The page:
4. Why don’t you try looking at it from the animals point of view?

    Would you want to be locked in a 4’x4′ cage, for lthe rest of your life, at a no-kill shelter? For your only crime, that of being born?

    Do any of you realize just how many dogs and cats there are out there to be adopted? Have you ever been to a rural “shelter”? They are NOT nice places. Some rural no-kill “warehouses” have crates stacked three / four high, with hundreds of dogs that nobody is going to adopt.

    Under your thinking, it is more humane and ethical to allow a thinking, feeling, creature to suffer a life of in a cage, to save you from your perceived moral highground?

    Really! I think the kindest thing that can be done for these millions of animals born out of the stupidity, and greed of those they entrusted their lives, is to to let them be free, and if that means euthanasia, so be it.

    Imagine yourself, as a scared, abandoned dog, your family left you, because you became inconvenient to their lifestyle, you are 2 years old, and you have just been dropped off at a shelter, that has at best, a 12% adoption rate. You are going to live, possibly, another 10 years, in a box, with little to no real human contact. WE DONT DO THAT TO PRISONERS! Why, tell me, Why is this Okay for Dogs and Cats?

    • If the choice is between a lousy life and no life? I’ll take life, please. And so would you. Even if that isn’t your answer, the default answer should never be death for a living thing you can’t question. Gee—bugs must be miserable…crawling around, eating horrible stuff. Kinder to kill em all. Serial killers reason like that. Oh-oh…I hope you don’t have my address. I’m happy!!! Really!! I am!!!

      Bottom line: PETA’s adoption rate is horrible, which means it isn’t trying…which means it is stacking the decks in favor of death. Your rationalization isn’t convincing–at all.

  5. I wish I could agree; however, I cannot. And, you are completely incorrect, I would rather not spend the rest of my life locked up over being dead.

    The individual loss of freedom, if you have ever experienced it, is not something that one wishes to re-experience anytime soon. If you don’t control your life, and how it is lived, or not lived, you are merely a pawn in someone elses game.

    I stand by my conviction, and I would take that conviction to my maker (and i really, really hope that the almighty creator turns out to be an animal that was once used in experiments, and that all those that have harmed animals shall pass before that judge when time comes.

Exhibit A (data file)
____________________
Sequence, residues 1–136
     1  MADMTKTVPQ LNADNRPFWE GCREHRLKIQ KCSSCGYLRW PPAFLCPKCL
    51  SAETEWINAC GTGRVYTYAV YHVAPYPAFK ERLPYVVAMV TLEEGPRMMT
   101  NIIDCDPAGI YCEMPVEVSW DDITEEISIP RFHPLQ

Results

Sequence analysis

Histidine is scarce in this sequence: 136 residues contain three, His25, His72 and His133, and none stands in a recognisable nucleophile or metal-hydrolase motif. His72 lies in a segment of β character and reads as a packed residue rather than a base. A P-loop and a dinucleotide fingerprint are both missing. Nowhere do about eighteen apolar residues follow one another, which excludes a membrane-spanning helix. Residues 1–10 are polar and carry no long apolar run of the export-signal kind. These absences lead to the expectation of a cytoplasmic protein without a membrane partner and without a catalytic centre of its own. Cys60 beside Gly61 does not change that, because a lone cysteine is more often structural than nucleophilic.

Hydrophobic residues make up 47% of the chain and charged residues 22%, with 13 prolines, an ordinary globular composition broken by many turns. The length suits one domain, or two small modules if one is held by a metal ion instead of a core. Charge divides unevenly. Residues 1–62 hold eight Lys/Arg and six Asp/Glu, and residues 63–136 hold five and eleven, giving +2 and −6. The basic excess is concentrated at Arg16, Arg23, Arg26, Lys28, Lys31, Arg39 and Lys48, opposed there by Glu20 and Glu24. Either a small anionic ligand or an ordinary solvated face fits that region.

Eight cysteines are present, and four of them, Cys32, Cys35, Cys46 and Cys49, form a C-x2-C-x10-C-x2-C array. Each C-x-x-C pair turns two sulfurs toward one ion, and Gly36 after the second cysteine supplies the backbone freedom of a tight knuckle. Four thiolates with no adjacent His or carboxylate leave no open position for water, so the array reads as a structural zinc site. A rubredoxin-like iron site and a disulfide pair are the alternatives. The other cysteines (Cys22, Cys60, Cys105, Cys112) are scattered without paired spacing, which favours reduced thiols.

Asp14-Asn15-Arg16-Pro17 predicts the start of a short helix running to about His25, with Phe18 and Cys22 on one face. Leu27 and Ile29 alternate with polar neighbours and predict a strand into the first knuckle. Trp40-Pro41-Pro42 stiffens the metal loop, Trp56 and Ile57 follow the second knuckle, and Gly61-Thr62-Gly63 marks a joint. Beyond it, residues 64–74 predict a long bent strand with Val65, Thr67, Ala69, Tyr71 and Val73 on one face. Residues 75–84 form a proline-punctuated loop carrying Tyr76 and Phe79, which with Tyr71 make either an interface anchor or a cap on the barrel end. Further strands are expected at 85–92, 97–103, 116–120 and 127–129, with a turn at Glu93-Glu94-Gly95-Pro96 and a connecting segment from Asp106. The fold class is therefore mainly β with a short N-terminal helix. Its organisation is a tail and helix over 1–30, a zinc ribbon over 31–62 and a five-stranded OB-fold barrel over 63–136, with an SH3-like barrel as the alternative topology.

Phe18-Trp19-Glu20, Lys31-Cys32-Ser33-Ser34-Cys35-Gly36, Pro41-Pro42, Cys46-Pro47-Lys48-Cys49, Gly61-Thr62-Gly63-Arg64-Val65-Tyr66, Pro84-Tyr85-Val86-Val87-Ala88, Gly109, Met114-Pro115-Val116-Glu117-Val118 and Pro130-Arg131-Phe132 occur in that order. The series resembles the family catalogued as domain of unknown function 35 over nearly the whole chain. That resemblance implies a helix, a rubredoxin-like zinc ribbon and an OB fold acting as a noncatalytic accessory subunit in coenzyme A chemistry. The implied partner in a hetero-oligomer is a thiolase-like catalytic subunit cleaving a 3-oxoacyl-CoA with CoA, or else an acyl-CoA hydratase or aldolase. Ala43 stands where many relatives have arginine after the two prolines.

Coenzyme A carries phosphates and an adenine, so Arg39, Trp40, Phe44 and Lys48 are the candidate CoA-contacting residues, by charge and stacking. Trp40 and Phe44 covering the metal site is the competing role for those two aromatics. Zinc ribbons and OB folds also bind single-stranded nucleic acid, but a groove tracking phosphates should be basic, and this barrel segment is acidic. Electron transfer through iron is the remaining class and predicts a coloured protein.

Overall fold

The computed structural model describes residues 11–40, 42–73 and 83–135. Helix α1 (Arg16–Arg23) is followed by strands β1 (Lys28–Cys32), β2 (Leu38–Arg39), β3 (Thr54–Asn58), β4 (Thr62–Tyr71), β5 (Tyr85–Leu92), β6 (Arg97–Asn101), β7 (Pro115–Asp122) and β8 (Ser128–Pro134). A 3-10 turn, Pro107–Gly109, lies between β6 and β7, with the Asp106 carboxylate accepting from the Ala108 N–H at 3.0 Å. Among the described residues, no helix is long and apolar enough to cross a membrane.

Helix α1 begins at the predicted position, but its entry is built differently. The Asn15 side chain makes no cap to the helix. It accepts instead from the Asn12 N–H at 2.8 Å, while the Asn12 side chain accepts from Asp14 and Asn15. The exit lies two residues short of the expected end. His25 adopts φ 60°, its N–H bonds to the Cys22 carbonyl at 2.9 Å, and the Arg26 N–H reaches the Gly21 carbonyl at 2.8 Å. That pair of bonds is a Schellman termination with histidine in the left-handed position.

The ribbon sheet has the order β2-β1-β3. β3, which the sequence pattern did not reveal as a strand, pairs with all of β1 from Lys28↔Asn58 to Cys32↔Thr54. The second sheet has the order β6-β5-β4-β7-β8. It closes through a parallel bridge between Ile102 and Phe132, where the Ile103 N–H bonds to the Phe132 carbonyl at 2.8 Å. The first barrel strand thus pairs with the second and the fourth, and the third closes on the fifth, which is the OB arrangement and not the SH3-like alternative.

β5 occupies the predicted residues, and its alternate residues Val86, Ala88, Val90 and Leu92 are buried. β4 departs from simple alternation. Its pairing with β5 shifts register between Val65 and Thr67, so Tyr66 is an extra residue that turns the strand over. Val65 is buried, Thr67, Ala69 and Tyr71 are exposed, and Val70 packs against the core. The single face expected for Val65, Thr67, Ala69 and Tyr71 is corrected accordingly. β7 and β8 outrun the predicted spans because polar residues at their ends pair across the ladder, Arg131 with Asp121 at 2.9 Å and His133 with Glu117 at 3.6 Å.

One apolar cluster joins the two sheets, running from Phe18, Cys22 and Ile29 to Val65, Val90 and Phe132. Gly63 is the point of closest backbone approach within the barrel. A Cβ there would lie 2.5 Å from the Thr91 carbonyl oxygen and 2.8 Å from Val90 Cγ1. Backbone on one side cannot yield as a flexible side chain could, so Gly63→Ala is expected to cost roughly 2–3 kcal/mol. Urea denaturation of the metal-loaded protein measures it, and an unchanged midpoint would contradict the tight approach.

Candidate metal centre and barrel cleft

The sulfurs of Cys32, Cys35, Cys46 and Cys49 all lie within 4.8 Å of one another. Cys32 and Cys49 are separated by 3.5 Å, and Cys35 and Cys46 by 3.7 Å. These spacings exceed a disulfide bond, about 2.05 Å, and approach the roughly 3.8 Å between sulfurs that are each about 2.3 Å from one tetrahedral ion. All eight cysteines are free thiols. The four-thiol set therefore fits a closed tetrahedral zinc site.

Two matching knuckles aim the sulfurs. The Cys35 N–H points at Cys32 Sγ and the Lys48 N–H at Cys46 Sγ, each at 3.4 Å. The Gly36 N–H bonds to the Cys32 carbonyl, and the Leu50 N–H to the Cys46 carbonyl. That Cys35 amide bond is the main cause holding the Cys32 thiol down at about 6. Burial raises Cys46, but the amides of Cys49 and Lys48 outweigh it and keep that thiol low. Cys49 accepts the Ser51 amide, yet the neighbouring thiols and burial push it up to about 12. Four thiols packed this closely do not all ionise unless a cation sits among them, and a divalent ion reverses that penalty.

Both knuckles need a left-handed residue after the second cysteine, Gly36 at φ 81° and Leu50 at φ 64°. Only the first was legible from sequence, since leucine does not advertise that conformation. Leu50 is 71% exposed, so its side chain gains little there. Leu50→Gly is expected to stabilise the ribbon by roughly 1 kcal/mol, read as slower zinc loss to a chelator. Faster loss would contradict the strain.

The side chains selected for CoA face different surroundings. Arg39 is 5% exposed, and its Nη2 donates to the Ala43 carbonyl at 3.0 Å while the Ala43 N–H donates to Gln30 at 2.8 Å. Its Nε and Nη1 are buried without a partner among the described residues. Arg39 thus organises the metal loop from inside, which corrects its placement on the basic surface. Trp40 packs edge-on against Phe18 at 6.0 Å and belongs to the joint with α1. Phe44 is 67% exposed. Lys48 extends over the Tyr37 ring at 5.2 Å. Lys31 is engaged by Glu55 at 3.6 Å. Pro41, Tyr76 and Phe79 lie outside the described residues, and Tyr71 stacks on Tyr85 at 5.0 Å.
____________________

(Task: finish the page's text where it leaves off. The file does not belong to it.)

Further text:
/rant off

    • I don’t doubt you, but I am confident that no animal, given the chance, would calculate the relative benefits as you do. And since we can’t talk to the animals, unless you are Dr. Doolittle, don’t you think a desire for life gets the benefit of the doubt? I sure do. And while a dog or cat is living, there is always a chance for adoption. Nobody adopts dead pets any more, sadly…

    • Individual loss of freedom, etc.? I’ve never been in jail, but, should I ever be in that unfortunate circumstance, and given a choice, I would take life without parole over execution any time. It’s somewhat similar to the lives led by ancient anchorites or hermits (yes, I know, they had a choice).

      Life is what you make of it. No jailor can imprison my mind. Attitude is everything.

    • Following up with Curmudgeon. I think the debate on which is harsher punishment, the death penalty or life in prison, is pretty cut and dry. You’re not going to find many followers for that one.

      • Really? Then why do all the guys on death row fight so hard to live? I don’t think there are many followers on the OTHER side, except in the abstract, as in, “that poor guy is better off dead.”

        Or dog.

        Easy for YOU to say.

        • Jack, we’re in agreement. My statement was somewhat ambiguously worded, but I was trying to get across the idea that the discussion of relative punishment has been settled (death is harsher than life), and Noah’s not going to get much support to reopen it.

          I believe that a few death row inmates have campaigned for a quicker process for their death, but their reasoning tends to be that they deserve to die or that their sentence didn’t involve incarceration, not that death is a lesser punishment than life.